For me, getting large numbers of links using "link bait" type tactics generates solid inbounds. Dropping large numbers of text links in non-content areas screams "paid". I avoid screaming at all costs! ;)

KaloVast




msg:3774630
 9:37 pm on Oct 27, 2008 (gmt 0)

Lots of great points here although it looks like we've gotten away from some of the link building tips. I have personally found much success with reciprocal linking on a variety of websites i've worked with. I also have an affiliate program for one ECommerce site that has added probably about half of our total inbound links (in the thousands), so I would absolutely agree that offering a commission for affiliate links is a small price to pay when you consider you've just enlisted someone and motivated them with money to #*$! your site as much as they can. Funny how your links start to appear in better places when you have a good product and generous affiliate program. As a result it has become much more difficult to find ANY pages in the top ten for virtually any keyword in our field that don't already link to our site.

I also don't think getting links too quickly is a bad thing as long as those links are not from link farms, etc. We've got one main site and about 15 "sister sites" that all provide inbound links pretty much at the same time. As someone noted above, I noticed that those links get recognized at different times so it doesn't seem to hurt that i've updated my page with those links all at the same time.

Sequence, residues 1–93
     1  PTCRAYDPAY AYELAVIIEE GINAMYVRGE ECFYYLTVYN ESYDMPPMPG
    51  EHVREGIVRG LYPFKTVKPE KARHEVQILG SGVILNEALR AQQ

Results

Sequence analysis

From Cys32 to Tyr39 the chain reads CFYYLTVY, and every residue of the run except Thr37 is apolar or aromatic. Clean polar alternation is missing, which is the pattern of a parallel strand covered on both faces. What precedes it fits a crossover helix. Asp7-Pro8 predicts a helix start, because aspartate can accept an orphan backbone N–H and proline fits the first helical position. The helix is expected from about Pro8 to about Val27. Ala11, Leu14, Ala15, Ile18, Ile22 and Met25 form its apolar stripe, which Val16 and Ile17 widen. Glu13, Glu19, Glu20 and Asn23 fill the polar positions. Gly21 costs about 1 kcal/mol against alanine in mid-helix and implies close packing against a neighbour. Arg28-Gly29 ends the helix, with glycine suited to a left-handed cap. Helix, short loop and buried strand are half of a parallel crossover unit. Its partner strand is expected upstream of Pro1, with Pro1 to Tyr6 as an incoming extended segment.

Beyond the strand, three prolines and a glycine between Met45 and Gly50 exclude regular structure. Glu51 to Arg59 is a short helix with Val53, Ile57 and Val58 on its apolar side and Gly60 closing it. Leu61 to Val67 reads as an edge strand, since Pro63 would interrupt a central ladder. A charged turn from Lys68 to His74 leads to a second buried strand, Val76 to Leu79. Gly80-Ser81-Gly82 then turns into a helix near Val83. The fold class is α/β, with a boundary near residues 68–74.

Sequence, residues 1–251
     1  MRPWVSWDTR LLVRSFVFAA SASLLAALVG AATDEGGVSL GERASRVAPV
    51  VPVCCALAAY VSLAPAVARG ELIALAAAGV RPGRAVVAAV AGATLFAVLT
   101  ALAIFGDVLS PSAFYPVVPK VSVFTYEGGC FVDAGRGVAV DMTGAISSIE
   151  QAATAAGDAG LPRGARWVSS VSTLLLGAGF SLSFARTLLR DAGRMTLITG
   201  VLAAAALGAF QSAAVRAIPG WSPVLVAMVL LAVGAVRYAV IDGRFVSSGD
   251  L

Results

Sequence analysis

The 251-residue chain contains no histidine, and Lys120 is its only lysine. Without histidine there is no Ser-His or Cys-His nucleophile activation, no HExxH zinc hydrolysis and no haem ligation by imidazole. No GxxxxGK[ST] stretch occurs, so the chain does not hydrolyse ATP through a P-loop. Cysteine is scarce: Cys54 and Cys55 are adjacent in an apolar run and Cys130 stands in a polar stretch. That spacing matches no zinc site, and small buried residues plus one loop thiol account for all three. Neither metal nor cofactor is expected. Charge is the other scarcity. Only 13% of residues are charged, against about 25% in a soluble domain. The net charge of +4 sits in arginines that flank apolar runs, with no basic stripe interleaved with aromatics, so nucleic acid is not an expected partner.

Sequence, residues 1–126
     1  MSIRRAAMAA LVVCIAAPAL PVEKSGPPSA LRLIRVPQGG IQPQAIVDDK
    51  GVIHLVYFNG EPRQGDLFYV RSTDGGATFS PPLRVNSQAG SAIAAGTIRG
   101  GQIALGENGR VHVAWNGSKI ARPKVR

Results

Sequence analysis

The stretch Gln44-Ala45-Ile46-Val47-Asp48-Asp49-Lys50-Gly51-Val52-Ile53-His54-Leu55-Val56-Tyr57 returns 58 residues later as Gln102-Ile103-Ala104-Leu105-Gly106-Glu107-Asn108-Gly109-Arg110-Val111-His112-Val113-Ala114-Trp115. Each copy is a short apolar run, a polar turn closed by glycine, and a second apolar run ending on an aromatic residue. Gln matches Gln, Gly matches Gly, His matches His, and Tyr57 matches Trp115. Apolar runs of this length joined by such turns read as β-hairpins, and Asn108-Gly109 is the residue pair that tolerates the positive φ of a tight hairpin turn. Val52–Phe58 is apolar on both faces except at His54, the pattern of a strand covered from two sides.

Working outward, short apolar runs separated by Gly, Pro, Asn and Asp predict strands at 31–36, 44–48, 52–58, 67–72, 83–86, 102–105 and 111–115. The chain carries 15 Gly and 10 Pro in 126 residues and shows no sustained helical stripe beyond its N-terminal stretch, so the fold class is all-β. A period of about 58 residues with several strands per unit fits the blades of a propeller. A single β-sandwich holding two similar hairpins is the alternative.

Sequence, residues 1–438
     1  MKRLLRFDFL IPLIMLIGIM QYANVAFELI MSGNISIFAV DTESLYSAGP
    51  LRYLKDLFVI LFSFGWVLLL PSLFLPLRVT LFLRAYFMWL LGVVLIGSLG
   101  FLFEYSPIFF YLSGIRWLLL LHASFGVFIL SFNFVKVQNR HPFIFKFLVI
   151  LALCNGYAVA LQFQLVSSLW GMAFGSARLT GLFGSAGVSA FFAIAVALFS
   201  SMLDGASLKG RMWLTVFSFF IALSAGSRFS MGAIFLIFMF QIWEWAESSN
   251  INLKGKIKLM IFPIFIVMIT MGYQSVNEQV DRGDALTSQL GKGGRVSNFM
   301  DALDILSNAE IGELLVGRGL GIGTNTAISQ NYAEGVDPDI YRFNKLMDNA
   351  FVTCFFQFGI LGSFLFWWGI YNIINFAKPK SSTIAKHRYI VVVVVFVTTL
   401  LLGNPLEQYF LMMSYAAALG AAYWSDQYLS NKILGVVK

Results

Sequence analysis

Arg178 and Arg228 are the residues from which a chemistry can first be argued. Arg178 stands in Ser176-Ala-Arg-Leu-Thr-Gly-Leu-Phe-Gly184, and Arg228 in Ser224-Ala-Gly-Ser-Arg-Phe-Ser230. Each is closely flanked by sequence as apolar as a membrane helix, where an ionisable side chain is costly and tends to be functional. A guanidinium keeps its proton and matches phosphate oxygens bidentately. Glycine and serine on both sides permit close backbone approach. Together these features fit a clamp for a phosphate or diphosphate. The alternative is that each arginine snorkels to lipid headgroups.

Link Building is one of the most tedious processes in SEM but it can be very rewarding if done correctly. Just last week I sent out fifty reciprocal link exchange requests for one website and got ZERO responses (as of yet). A few weeks before that I sent out 20 requests and got five positive responses.

My obligatory tip:

1. Don't be afraid to exchange links with competitors, so long as you offer the better product and have the better website! These links will be about as relevant as can be, but that's only useful if they come to YOUR site instead of your competitor.

creative craig




msg:3774968
 12:51 pm on Oct 28, 2008 (gmt 0)

"Build it and they will come."

I have a side project that I am working on and I am taking exactly that approach, I limited myself to only 10 links to start the project off with and since then I've not done any further link building.

The site has been online for 4 months and so far the results have been overwhelmingly positive! ;)

BradleyT




msg:3776920
 5:56 pm on Oct 30, 2008 (gmt 0)

Put your internal links inside paragraphs of content whenever possible.

cybox




msg:3777296
 7:02 am on Oct 31, 2008 (gmt 0)

Dont link on link Farm like site. They are build only for links and nothing else.

Quadrille




msg:3778237
 2:21 pm on Nov 1, 2008 (gmt 0)

Choose your potential link partners with care:

"Dear google.com,
I visited your website and noticed that you are not listed in most of the major search engines and directories..."

[from Google's Webmasters/Site owners Help/SEO [google.com]]

And see this thread [webmasterworld.com] too

[edited by: Quadrille at 2:22 pm (utc) on Nov. 1, 2008]